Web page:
I have the factory windscreen but I've added the Laminar Lip to it. The "buffeting" wasn't an issue but the noise of the turbulence is ridiculous. Haven't had a chance to actually test it but all the reviews are positive. Guess I'll find out soon enough. I have a C3PRO helmet and it's dead quiet on the S1000R but oh so noisy on the GS.

    I'll definitely update this thread as I travel and PM you when/if I know I'll be in the Portland area. You'll have to take it easy on me with the gravel - I'm running Anakee III tires, and not the "Wild" version.
    Current Rides:
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    2016 BMW S1000R

  6. #36
    not lost til out of gas 128521's Avatar
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    I had a CBailey taller and wider screen but I broke it, so I had to put the stock one back on, got a Laminar lip and it works well. if you find time I know lots of gravel roads that would be fun on your bike.
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    don't know where I'm going, but I'm making good time. 1978 R 100 S, 1990 R 100 GSPD, 2005 R 1200 GS

  7. #37
    Safe travels. Looking forward to the stories.

    Ya, big bugs in the helmet suck.


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  8. #38
    Registered User SeabeckS's Avatar
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    Quote Originally Posted by waynew View Post
    Safe travels. Looking forward to the stories.

    Ya, big bugs in the helmet suck.


    Sent from my iPhone using Tapatalk
    You should try a big bug without a helmet! When I was young, stupid, and just learning to ride, took my brother's Bonneville for a spin. Rode fairly fast out through some farm country and somehow hit a junebug doing about 70 or so. Hit in the middle of my forehead, man did that smart!
    Bill Johnston

  9. #39
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    Was this ride completed safely? Lessons learned?

    Sounded like a recipe for fatigue issues to me but then I look at folks doing the long IronButt as a bit looney/masochistic. Done a handful of 1000+ mile days myself but never when I could avoid it. 600 miles day after day sounds like torture even on the most comfortable bike. 250-350 is a nice relaxing pace allowing sightseeing time, 400-500 is a nice day ride to get somewhere as long as its not all twisties and beyond that I'd prefer to avoid.

    Fatigue can get you dead from one brain fade induced misjudgment. Heat, noise, distance, dehydration etc all contribute to it. Starting long runs without hydration gear isn't a good choice and one needs to be aware of the body limits of absorbing water into tissues which is about 3 times slower than loosing it in hot conditions. Get a bit dehydrated and all drinking will do is give you a bellyful of water unless you make a 2 hr stop.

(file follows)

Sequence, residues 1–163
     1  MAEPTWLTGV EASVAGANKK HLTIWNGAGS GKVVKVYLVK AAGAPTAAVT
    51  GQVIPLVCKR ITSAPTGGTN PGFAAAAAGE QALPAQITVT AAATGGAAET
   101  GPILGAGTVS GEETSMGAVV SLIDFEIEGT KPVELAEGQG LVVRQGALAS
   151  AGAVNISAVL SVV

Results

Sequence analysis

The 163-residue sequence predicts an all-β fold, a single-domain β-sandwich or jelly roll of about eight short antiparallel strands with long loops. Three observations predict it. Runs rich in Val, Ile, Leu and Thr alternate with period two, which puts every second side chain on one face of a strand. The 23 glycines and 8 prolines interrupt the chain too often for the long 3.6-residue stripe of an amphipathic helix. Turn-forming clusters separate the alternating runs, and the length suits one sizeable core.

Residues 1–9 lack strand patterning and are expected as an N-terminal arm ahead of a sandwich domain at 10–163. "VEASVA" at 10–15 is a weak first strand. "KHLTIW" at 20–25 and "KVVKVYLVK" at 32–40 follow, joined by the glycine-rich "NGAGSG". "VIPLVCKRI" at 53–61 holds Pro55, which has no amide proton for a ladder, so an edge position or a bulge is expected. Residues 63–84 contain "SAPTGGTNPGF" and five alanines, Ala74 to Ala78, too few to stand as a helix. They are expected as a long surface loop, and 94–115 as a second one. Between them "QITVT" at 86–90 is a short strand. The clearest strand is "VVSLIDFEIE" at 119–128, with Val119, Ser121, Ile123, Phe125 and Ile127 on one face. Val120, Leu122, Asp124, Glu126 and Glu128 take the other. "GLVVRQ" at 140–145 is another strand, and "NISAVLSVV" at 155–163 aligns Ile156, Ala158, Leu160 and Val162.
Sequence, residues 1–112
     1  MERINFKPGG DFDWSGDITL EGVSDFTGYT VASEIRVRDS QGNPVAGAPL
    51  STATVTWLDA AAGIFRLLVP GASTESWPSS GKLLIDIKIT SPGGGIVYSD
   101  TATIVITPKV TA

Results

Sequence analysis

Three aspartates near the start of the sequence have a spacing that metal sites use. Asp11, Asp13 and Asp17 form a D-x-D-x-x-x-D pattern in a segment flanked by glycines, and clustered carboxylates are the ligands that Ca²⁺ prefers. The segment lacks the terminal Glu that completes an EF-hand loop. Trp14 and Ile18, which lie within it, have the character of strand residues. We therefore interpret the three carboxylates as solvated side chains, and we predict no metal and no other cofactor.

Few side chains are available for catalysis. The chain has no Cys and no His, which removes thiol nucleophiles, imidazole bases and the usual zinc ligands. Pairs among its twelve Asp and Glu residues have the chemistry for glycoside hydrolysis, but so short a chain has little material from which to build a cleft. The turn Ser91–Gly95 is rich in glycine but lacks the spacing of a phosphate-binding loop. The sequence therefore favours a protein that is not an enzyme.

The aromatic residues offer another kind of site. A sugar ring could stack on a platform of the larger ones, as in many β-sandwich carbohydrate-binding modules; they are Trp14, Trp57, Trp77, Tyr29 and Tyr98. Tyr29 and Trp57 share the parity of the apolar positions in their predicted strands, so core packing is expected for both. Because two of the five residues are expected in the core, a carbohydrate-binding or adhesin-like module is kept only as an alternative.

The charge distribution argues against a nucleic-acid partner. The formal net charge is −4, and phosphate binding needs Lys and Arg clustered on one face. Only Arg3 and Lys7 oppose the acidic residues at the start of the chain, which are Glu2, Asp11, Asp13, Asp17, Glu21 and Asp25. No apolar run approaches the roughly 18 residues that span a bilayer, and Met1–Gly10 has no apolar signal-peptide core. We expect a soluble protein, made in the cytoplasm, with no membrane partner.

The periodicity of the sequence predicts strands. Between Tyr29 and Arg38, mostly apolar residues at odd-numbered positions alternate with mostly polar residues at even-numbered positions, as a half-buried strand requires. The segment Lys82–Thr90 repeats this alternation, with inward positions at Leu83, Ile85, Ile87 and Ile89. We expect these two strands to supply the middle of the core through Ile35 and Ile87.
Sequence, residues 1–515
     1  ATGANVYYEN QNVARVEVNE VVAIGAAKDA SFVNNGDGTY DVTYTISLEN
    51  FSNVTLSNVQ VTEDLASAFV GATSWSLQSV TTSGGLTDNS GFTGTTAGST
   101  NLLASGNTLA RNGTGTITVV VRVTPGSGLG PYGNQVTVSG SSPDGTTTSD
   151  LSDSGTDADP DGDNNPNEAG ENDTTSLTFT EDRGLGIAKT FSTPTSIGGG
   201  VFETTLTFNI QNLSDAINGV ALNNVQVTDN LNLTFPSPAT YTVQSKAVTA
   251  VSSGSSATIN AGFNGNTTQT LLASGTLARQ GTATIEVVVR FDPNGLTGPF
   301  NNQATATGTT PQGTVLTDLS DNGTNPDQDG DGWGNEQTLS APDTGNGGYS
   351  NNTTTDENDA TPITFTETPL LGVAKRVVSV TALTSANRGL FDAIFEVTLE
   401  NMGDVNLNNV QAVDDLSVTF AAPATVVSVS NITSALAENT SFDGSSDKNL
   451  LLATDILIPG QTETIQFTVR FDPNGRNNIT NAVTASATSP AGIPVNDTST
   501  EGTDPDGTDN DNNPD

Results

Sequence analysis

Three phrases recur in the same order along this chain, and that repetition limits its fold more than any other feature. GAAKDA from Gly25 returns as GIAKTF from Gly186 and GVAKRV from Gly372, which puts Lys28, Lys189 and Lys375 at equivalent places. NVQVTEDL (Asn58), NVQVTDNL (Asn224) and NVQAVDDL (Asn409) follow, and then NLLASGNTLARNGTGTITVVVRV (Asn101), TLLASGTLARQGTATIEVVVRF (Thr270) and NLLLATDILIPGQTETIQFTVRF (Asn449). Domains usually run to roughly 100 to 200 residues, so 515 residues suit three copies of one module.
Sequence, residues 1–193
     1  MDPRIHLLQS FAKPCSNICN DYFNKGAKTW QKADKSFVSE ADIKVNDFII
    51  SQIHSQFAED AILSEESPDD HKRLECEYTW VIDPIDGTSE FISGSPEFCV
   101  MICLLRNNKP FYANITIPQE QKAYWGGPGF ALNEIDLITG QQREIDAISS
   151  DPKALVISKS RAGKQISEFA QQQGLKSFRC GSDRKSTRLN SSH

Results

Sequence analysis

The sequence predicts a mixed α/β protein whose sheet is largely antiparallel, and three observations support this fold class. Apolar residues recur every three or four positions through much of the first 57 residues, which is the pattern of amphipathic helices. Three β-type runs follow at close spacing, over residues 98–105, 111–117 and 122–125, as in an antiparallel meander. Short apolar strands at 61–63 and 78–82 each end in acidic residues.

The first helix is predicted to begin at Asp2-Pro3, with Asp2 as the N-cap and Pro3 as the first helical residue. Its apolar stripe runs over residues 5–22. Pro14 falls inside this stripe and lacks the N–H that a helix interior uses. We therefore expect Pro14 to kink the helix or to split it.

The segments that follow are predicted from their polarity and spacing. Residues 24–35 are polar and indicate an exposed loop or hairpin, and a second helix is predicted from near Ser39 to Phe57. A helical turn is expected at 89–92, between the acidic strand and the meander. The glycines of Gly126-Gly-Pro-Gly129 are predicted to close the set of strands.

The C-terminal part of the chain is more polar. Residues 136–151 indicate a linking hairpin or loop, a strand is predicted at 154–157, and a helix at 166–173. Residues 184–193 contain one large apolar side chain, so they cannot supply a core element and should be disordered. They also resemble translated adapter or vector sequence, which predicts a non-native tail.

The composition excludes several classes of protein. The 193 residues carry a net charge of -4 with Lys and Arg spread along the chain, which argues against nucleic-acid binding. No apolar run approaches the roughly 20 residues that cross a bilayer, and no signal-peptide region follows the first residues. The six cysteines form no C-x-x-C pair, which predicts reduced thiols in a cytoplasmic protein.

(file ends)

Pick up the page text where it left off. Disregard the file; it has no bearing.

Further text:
10. #40
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    Quote Originally Posted by SeabeckS View Post
    You should try a big bug without a helmet! When I was young, stupid, and just learning to ride, took my brother's Bonneville for a spin. Rode fairly fast out through some farm country and somehow hit a junebug doing about 70 or so. Hit in the middle of my forehead, man did that smart!
    Sorry no updates! My trial membership ran out and I didn't renew until last week.

    Yeah, I got hit dead-center of my forehead by a locust while riding about 60 without a helmet. That was the last time I rode without a helmet. When I was 19.
    Current Rides:
    2015 BMW R1200GS
    2016 BMW S1000R

  11. #41
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    Quote Originally Posted by racer7 View Post
    Was this ride completed safely? Lessons learned?

    Sounded like a recipe for fatigue issues to me but then I look at folks doing the long IronButt as a bit looney/masochistic. Done a handful of 1000+ mile days myself but never when I could avoid it. 600 miles day after day sounds like torture even on the most comfortable bike. 250-350 is a nice relaxing pace allowing sightseeing time, 400-500 is a nice day ride to get somewhere as long as its not all twisties and beyond that I'd prefer to avoid.

    Fatigue can get you dead from one brain fade induced misjudgment. Heat, noise, distance, dehydration etc all contribute to it. Starting long runs without hydration gear isn't a good choice and one needs to be aware of the body limits of absorbing water into tissues which is about 3 times slower than loosing it in hot conditions. Get a bit dehydrated and all drinking will do is give you a bellyful of water unless you make a 2 hr stop.